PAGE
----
2 Samuel 13:39
And King David longed to go to Absalom, for he had been consoled over Amnon's death.
A Father's Tender Solicitude for His Son2 Samuel 13:39
Parental SorrowsB. Dale 2 Samuel 13:30-39

2 Samuel 13:30-39. - (JERUSALEM)
And the king also and all his servants wept very sore (ver. 36). David's intense feeling appears in his affection (vers. 6, 25, 39), his wrath (ver. 21), and his grief (ver. 31). The delight which a father finds in his children is seldom unalloyed. His sorrows, on their account, are -


1. Their misbehaviour. "A 'house cross' is the heaviest of all earthly crosses. The gall which is mingled in our cup by those who are nearest to us surpasses all others in bitterness" (Krummacher).

"How sharper than a serpent's tooth it is
To have a thankless child!"

(King Lear.')

2. Their misfortune (ver. 19).

3. Their disappointment of his hopes; his consternation, trembling anxieties, exaggerated fears (ver. 30); his bereavement by death (ver. 32) and by enforced exile through crime (ver. 34); his son a fratricide, like Cain, alive yet dead. What a heavy burden of trouble was thus laid upon David! It is not surprising that it was followed by serious and protracted bodily affliction, favourable to the designs of his enemies and conducive to still deeper distress (2 Samuel 15:4, 30), as several psalms seem to indicate (Psalm 38., 39., 41., 55.).

O Jehovah, rebuke me not in thine anger,
Nor chasten me in thy hot displeasure.
For thine arrows stick fast in me,
And thy hand presseth me sore," etc. (Psalm 38:1, 2.)


1. His sinful example. Children are more ready to imitate their father's vices than his virtues.

2. His defective discipline. "David's failure in the government of his family was due in part to the excessive, even morbid, tenderness of his feelings towards his children, especially some of them. He may also have thought of his family circle as too exclusively a scene for relaxation and enjoyment; he may have forgotten that even there there is a call for much vigilance and self-denial" (Blaikie). "By this example we see that children whom their parents spare to correct will in the end be a grief unto them" (Wilier). "Chastisement without love is an outrage; no father is at liberty to plague or torture his child; but a love that cannot chastise is no love, and reaps a poor reward. A child that does not at the proper time feel the father's rod becomes at last a rod for his father" (Schlier). "Ofttimes the child whom the father loves most (as David did Amnon) becomes his greatest grief by too much indulgence" (Guild).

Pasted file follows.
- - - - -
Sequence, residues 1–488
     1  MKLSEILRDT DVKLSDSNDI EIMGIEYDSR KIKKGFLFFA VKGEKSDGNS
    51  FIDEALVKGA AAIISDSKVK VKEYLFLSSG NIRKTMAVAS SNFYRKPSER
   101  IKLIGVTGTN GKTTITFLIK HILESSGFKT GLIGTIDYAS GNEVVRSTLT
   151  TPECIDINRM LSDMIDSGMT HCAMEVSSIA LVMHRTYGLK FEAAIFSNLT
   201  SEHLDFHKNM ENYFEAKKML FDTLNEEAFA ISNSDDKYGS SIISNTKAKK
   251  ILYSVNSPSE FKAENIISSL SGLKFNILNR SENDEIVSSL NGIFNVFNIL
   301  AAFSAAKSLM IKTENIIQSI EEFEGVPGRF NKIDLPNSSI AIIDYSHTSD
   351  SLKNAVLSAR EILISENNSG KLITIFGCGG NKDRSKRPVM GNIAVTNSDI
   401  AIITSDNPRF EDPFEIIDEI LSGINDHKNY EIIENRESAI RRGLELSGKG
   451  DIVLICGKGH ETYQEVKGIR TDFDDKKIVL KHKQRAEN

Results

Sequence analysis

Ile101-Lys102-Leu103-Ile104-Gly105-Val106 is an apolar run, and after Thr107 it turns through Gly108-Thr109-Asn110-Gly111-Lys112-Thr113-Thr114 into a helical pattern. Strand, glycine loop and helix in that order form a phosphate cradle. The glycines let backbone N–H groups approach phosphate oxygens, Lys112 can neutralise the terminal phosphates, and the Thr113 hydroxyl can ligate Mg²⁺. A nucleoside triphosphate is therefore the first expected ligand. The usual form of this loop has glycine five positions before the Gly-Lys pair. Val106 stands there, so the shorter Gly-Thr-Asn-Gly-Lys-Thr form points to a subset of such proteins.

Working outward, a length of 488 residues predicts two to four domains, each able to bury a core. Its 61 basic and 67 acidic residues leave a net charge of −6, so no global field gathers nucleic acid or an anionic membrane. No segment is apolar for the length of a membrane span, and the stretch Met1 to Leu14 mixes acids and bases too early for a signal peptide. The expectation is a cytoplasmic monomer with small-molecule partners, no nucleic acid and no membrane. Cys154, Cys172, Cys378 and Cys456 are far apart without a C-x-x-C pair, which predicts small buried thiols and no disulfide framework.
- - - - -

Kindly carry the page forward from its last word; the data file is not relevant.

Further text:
3. His culpable clemency in the case of a great crime (ver. 21). Even if David did inflict some punishment on Amnon, as it has been supposed (Chandler), yet it was altogether inadequate to the offence. The sorrows of a father over the sins and sufferings of his children are intensified by the knowledge that they are, in some degree, the result of his own errors and transgressions. "A parent can have no sharper pang than the sight of his own sin reappearing in his child. David saw the ghastly reflection of his unbridled passion in his eldest son's foul crime (and even a gleam of it in his unhappy daughter) and of his murderous craft in his second son's bloody revenge" (Maclaren).


1. The occasion of trouble is less calamitous than it might have been; less than it was feared to be (ver. 32).

2. Grief is assuaged by the lapse of time (vers. 37, 38).

3. It is vain to mourn over what is irreparable (ver. 39; 2 Samuel 12:23; 2 Samuel 14:14).

4. These afflictions are chastisements from the heavenly Father's hand, and should be endured with patience and hope (Psalm 39:7, 9; Psalm 38:15).

5. They are mingled with tokens of Divine favour (2 Samuel 12:13, 25; Psalm 41:1-3; Isaiah 27:8).

6. Their purpose is morally beneficial (Hebrews 12:11). "It may seem strange to say it, but it is most true, that the tears which flow from the eyelids of a man are as needful to the fruitfulness of his heart as the dews which descend from the eyelids of the morning are to the thirsty ground" (E. Irving). - D.

And the soul of King David longed to go forth unto Absalom.
"I well remember," says a present-day writer, "the effect produced on my mind on being told by a servant, soon after I had recovered from a dangerous illness, that during the crisis of the malady my father was seen to shed tears. Though far from being a stern parent, he was not an emotional man; and the statement was a revelation to me, at least in degree. It is now more than half a century ago, but it will never be forgotten.".